Environmental issues

Pests and weeds

Pests and weeds

Pests and weeds damage our environment and agriculture. Find out what we are doing to manage these threats and how you can help.


Invasive species are one of the greatest threats to biodiversity in Australia. In NSW, pest animals and weeds have been identified as a threat to 70 per cent of the species, populations or ecological communities listed under the Threatened Species Conservation Act 1995. This is second only to clearing of native vegetation in terms of the number of species impacted.

Pest animals displace native species through predation and competition, and devastate threatened vegetation by grazing and trampling. Weeds smother native plants or cover the ground leaving no room for biodiversity to thrive. Pest animals and weeds also cause financial losses to agriculture and other industries and damage areas of cultural significance.

NSW Invasive Species Plan

The NSW Invasive Species Plan provides the framework for the coordinated management of pest animals and weeds across various land tenures and will guide invasive species management in NSW to 2015. NSW Department of Primary Industries is the lead agency for this plan. The Office of Environment and Heritage (OEH) is a key partner in its implementation and has a lead role for pest threats to the environment.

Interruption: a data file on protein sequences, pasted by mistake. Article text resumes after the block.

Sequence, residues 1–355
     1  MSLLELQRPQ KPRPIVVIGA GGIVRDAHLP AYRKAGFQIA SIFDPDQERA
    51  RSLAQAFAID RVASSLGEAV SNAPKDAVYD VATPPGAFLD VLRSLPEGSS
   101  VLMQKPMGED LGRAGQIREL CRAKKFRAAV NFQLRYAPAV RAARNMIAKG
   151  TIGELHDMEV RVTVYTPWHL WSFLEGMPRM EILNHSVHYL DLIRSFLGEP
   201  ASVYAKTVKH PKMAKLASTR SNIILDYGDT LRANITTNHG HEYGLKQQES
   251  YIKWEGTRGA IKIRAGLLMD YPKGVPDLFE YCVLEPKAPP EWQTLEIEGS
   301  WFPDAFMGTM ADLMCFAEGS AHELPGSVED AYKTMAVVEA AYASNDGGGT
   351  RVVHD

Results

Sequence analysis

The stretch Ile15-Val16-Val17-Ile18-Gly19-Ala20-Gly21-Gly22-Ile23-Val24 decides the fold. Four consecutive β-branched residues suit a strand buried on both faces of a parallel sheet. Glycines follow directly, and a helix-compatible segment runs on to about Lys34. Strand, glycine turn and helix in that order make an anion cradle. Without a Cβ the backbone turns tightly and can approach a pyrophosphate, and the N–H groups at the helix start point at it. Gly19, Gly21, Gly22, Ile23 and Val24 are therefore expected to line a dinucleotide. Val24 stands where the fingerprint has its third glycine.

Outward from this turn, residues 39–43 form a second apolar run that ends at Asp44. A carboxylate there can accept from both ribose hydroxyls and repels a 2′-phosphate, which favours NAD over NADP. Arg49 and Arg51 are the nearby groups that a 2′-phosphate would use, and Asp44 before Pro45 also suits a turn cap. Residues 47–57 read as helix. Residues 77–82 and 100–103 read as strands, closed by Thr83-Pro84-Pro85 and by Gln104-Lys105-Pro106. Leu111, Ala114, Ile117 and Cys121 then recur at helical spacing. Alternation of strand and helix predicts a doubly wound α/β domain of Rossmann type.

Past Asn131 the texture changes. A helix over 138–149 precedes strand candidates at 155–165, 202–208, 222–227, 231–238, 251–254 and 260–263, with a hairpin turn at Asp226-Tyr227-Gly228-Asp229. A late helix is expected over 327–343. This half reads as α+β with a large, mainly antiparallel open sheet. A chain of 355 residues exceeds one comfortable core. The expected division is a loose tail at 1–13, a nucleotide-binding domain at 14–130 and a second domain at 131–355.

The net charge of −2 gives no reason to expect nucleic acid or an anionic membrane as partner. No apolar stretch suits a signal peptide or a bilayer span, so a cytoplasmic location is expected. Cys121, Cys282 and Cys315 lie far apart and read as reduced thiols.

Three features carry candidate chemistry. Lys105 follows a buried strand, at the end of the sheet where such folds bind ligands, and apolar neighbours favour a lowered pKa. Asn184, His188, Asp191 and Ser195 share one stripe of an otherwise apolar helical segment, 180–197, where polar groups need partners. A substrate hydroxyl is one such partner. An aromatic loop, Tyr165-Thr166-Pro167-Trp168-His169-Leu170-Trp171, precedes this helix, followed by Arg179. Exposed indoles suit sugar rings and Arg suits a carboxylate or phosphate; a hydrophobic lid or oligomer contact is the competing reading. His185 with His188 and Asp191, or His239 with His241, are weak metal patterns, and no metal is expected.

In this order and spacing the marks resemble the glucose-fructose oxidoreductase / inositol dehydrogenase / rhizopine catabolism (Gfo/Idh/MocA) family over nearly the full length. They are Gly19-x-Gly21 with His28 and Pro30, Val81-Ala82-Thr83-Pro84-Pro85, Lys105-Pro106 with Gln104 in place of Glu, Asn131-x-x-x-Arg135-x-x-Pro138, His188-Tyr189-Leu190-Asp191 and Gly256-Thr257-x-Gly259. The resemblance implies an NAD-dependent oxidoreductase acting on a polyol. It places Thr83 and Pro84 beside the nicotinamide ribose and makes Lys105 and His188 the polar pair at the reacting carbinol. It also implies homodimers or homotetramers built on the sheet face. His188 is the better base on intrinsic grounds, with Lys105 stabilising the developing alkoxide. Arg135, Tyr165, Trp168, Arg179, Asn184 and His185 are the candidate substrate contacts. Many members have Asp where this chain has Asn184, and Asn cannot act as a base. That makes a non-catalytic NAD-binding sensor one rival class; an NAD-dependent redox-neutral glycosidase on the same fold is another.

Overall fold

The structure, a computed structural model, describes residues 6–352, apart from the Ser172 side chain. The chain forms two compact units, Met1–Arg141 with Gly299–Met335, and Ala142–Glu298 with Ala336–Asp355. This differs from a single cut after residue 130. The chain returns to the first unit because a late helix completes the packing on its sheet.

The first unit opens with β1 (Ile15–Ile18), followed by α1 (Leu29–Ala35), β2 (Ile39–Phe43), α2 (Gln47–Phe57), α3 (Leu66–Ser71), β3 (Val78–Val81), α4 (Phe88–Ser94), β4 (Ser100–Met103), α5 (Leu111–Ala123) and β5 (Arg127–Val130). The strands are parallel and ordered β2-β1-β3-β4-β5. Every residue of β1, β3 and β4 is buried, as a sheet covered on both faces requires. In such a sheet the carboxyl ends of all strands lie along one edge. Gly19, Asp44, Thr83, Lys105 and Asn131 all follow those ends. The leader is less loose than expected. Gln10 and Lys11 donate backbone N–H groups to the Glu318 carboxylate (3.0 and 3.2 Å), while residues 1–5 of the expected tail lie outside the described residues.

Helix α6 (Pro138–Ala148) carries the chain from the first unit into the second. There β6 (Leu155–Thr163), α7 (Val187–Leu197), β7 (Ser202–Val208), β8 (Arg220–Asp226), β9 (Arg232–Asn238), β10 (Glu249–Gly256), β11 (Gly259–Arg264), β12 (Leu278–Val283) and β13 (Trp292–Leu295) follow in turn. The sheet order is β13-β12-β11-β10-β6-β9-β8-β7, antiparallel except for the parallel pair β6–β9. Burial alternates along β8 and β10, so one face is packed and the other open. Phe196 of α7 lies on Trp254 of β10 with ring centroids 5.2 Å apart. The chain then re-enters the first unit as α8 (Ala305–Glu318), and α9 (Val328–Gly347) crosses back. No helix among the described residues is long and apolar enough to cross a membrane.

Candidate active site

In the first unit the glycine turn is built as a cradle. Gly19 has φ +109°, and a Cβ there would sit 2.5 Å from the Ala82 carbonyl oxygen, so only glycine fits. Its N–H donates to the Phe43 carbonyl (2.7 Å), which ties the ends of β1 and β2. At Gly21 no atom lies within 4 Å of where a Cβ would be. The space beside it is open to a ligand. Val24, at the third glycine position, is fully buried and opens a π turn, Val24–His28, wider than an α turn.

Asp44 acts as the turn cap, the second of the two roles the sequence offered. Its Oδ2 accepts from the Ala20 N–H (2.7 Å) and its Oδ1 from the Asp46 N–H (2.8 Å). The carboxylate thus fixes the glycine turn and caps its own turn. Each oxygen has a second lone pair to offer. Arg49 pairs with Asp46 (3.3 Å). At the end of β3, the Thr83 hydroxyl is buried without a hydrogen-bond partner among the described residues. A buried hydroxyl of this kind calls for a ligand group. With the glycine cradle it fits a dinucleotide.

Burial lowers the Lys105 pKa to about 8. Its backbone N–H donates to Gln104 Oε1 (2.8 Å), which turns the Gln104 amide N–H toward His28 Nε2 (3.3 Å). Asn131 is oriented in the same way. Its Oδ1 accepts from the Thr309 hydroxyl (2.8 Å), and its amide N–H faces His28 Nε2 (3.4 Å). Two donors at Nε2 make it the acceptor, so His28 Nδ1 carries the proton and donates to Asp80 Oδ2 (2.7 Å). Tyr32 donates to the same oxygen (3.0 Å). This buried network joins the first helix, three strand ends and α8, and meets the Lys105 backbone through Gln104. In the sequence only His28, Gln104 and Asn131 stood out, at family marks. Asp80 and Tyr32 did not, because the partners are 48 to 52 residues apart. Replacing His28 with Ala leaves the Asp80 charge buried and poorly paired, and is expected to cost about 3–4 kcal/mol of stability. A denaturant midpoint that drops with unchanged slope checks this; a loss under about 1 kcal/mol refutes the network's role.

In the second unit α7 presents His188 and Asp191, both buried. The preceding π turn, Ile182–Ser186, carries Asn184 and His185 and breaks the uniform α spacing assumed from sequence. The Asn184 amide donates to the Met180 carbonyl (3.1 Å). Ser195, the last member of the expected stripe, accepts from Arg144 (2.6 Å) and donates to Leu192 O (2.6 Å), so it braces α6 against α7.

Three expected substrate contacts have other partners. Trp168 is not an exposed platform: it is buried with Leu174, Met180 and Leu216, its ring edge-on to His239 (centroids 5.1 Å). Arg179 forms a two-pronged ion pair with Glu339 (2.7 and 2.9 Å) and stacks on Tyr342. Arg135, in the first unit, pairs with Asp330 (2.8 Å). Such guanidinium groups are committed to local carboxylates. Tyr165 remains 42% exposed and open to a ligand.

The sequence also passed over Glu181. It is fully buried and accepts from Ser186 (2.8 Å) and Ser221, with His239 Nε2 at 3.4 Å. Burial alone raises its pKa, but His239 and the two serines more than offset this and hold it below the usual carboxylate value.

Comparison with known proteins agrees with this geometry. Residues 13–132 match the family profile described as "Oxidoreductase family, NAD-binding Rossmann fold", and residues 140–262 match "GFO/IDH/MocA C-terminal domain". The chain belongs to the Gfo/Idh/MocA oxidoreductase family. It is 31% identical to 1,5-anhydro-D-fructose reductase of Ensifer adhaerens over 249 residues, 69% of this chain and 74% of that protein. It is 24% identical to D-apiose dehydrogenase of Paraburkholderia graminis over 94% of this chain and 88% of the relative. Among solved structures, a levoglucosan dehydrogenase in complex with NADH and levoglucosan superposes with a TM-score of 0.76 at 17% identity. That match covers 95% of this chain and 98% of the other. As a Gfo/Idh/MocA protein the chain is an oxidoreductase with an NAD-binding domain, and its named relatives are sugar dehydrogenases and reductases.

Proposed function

The NSW Invasive Species Plan has four goals:

  • prevent the establishment of new invasive species
  • eliminate or prevent the spread of new invasive species
  • reduce the impacts of widespread invasive species
  • ensure NSW has the ability and commitment to manage invasive species.

Actions identified in the plan have been developed specifically to align with the reporting requirements for the NSW Natural Resources Monitoring, Evaluation and Reporting Strategy and the NSW State of the Environment Report.

What is OEH doing to manage pests?

OEH manages pests on its estate (such as national parks and nature reserves) and also develops and implements strategies for invasive species that threaten biodiversity. OEH management is focused on areas where native animals and plants are the most threatened, other park values are affected, or where pests are likely to affect neighbouring lands.

Pest management on the OEH estate is coordinated through:

For detailed information on controlling pests on the OEH estate, see Protecting our national parks from pest and weeds.

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Page last updated: 10 December 2015